Recurring Characters

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Do you  have a mentor ? This is a question I have been asked most of my adult working life.As I navigate and grow my career , I don’t know if I have mentors per se but, I am noticing a few recurring characters that have played significant roles in my growth.

Meet my recurring characters

The Advisor

Advisors often tell you things you don’t want to hear but need to.
Note your advisor will NEVER be rude, bossy or condescending. So, please don’t mistake a bully for an advisor.
Their message will be one of genuine concern and guidance. I talk to my advisors as I navigate my career goals. I will usually test run big career conversations by them like promotions, salaries, and leading projects.
From my advisors, I have learned not to be afraid to ask. It’s my career after all.

The Listener

Need to vent? You need to a listener. A listener truly listens to what you have to say with no judgment but with clarity.
Note a Listener isn’t bitchy or, there to be bitchy with you.
A listener helps you validate your feelings, or help identify ways to cope and understand new tasks. I often go to my listeners if I have noticed that my voice is not being heard, crosscheck a strongly worded emails :) , or learn how to practice more empathy at work.
From my listeners, I have learned to be more aware, assertive, and respectful.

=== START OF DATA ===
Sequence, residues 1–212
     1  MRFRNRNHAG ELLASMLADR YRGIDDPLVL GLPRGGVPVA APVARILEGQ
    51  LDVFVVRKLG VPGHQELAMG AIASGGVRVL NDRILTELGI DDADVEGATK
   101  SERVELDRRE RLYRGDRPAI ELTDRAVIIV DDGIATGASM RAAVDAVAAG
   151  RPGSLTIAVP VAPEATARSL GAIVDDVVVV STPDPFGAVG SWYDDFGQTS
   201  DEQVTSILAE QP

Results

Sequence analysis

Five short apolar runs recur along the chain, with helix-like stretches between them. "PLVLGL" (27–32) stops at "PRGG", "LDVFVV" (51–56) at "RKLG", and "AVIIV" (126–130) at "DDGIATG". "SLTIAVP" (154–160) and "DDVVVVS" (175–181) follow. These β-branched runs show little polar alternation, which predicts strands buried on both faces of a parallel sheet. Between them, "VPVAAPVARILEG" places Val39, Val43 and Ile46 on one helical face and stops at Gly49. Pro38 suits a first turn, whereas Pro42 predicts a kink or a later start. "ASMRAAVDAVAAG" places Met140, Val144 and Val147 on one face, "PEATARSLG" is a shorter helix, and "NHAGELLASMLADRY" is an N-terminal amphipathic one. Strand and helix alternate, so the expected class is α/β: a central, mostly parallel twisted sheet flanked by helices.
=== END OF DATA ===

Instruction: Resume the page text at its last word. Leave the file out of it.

The Cheerleader

The cheerleader will never let you give up or, let you undermined your achievements.
Note a cheerleader is not here to boost your ego.
A cheerleader is a person who helps you plan out your goals, identify successes you might have overlooked, and most importantly teaches you how to learn from your mistakes.
From my cheerleaders, I have learned that making mistakes is okay. And that my achievements don’t need to be grand to matter.

The Adventurer

The adventurer will motivate you to take risks and try something new.
Note an adventurer isn’t here to bring out your inner “bad girl or boy”.
An adventurer is a person who encourages to take the next steps and, go out of your comfort zone. My adventurers have pushed to explore careers, projects, and various opportunities that I thought I was undeserving of.
From my adventurers, I have learned to be fearless with humility.

With every positive and thoughtful interaction, you have with people there are lessons to be learned and shared. Don’t focus on their title and building a list of impressive big names in the industry. Focus more on the experiences that people from various backgrounds have to offer.

Hope this helps !

From UI to Front-end Development

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.Net / APIs / Asp.Net / Web


In my previous post, I went over the user interface and application requirements.  Let’s  quickly revisit the project requirements:

  • Get  coordinates of the users and identify which cloud the ASP.NET Core app is running on.
  • Populate maps with custom pushpins.
  • Display  the number of  containers running on each cloud.

Get  Coordinates

In this app,  I am getting  the user location with a  button using  an onclick event handler.  In order to  grab the user’s coordinates,  I  used the Geolocation API .   Let’s  have a look at the code.